Iman Hassan, the lawyer defending all four young men, told Democracy in Exile that Adam had a medical assessment to prove that he was subjected to torture. The examination was carried out by the Council of Doctors, which is an entity tied to Sudan's Ministry of Health. Hassan said that her legal team will submit the medical document to the court as evidence soon. Once she does, she expects the judge to dismiss the case against her clients, since the document proves that security forces violated the U.N. Convention Against Torture, known as UNCAT. That international treaty, which Sudan ratified in August 2021, clearly states that any evidence extracted by torture should not be used as evidence in the court of law, except to incriminate the person accused of torture.
Hassan stressed that the charges against her clients are politically motivated since they were protest leaders. "There were certain officers that were monitoring these young people," said Hassan. "Why? Because these officers were carrying out the orders of the coup government."
Police spokesman Abdallah al-Badri couldn't be reached for comment, despite multiple attempts.
'Leaving Our Revolutionaries in Prison'
On Dec. 5, Sudan's generals and political elites in Khartoum inked a framework agreement to end the military government in power since the coup. However, human rights groups, analysts and protesters all remain highly skeptical that the deal—struck between military leaders and a coalition of political parties in the Forces of Freedom and Change, which formed the civilian side of the former transitional government dissolved in the coup—will restore a genuine transition to democracy.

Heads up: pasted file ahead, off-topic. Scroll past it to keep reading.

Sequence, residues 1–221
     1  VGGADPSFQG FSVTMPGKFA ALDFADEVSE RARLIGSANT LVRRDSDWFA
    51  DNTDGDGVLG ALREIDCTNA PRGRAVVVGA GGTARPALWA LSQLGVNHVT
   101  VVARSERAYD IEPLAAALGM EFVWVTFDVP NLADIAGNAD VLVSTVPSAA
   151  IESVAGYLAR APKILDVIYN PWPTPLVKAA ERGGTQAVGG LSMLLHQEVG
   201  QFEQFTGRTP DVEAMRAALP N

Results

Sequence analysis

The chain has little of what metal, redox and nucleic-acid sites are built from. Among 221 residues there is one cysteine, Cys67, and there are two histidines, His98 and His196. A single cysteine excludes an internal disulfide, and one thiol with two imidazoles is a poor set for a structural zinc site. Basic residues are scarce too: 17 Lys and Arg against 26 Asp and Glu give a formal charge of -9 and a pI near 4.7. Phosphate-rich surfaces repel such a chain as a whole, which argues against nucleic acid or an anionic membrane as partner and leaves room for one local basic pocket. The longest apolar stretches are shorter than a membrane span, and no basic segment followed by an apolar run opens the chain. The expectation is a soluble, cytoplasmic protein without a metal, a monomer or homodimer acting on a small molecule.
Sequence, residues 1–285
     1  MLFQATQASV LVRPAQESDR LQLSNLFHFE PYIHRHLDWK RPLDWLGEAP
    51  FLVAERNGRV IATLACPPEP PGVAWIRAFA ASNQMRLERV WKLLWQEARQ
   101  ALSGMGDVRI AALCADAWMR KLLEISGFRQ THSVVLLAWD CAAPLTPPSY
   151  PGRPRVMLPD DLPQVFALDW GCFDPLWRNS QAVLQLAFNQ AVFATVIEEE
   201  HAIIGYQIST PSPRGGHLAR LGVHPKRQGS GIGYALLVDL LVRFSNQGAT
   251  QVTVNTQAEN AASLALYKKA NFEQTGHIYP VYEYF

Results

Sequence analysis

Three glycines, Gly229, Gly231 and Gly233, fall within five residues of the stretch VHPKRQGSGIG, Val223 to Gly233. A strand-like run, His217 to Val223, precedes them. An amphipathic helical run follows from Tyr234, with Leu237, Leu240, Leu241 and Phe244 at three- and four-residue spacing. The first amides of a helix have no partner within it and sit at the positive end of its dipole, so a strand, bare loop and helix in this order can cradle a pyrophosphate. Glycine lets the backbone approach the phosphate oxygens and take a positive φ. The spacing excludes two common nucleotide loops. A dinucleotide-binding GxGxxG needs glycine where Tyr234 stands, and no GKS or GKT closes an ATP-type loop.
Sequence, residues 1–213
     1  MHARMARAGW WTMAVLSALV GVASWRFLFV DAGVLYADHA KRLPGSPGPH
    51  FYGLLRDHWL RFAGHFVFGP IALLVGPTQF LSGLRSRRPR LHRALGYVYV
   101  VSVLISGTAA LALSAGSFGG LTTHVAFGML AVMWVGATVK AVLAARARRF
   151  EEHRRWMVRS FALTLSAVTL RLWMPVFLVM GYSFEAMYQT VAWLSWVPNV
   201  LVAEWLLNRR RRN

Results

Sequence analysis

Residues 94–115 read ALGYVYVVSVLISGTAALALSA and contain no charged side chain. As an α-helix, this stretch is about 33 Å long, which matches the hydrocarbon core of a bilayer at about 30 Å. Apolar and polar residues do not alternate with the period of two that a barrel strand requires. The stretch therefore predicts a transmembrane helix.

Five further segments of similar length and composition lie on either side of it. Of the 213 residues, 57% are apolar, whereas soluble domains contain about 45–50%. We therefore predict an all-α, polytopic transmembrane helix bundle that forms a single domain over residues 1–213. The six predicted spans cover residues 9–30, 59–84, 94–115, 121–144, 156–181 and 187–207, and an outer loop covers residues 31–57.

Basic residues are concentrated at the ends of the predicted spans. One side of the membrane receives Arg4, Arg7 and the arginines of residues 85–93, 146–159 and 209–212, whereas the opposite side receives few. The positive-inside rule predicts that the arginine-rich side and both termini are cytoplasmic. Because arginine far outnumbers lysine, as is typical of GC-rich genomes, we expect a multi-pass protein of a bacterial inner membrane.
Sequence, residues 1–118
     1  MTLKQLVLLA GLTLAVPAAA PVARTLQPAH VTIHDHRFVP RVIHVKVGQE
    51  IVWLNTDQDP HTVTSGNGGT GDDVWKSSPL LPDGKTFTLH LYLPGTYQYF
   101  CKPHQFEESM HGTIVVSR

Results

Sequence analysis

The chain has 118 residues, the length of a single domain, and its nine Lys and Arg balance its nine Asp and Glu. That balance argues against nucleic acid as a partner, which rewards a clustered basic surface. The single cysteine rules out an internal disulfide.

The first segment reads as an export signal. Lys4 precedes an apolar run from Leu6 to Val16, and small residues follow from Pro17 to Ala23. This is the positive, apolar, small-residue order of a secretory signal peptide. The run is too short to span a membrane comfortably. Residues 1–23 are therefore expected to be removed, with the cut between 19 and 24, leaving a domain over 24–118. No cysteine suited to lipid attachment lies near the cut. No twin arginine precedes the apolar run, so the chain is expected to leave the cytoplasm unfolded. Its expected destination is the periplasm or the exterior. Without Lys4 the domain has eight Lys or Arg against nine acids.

One key issue is the failure to secure human rights concessions from the coup plotters as part of the agreement. The U.N. envoy to Sudan, Volker Perthes, said in a recent interview with Al-Hurra that human rights and the rule of law would be a higher priority once a civilian government assumes power. For now, he said, the objective is helping Sudan transition to a "fully-fledged civilian government."
Relatives of the 12 young men still languishing behind bars, and their lawyers, told Democracy in Exile that they believe that the international community simply prioritizes the release of high-profile political prisoners over protesters. Many of them pointed to the fact that Wajdi Salih, a leading member of the Sudanese Baath Party, which the Forces for Freedom and Change are trying to convince to back the framework agreement, was released on bail the day that the deal was announced.
While Sayyid, al-Kheir and the other young protesters face trials condemned as shams, it is still unclear how the military intelligence sergeant and police officer died. But the lack of due process reflects a compromised justice system in Sudan that the coup authorities are weaponizing against critics and opponents, as rights groups and defense lawyers have said.
Two Western diplomats, who were not authorized to speak to the media, told Democracy in Exile that they are aware of the two trials. One said that he believes the charges against the 12 defendants are fabricated and that Western embassies are beginning to pay more attention to Adam's case, in particular. The other diplomat said that Western embassies don't have the capacity to closely follow up on every single human rights case.
For many protesters in Sudan, the lack of international support for the 12 defendants epitomizes the failure to champion the demands of the pro-democracy movement. "I do not trust the framework agreement and I do not trust diplomats in general, because they have not paid enough attention to [my son's case]," al-Zein said. "They are only interested in getting their colleagues or employees out of prison, while leaving our revolutionaries in prison."
Editor's note: This article has been updated to correct a later reference to Rehab al-Zein as the mother of Hossam Sayyid, not his sister.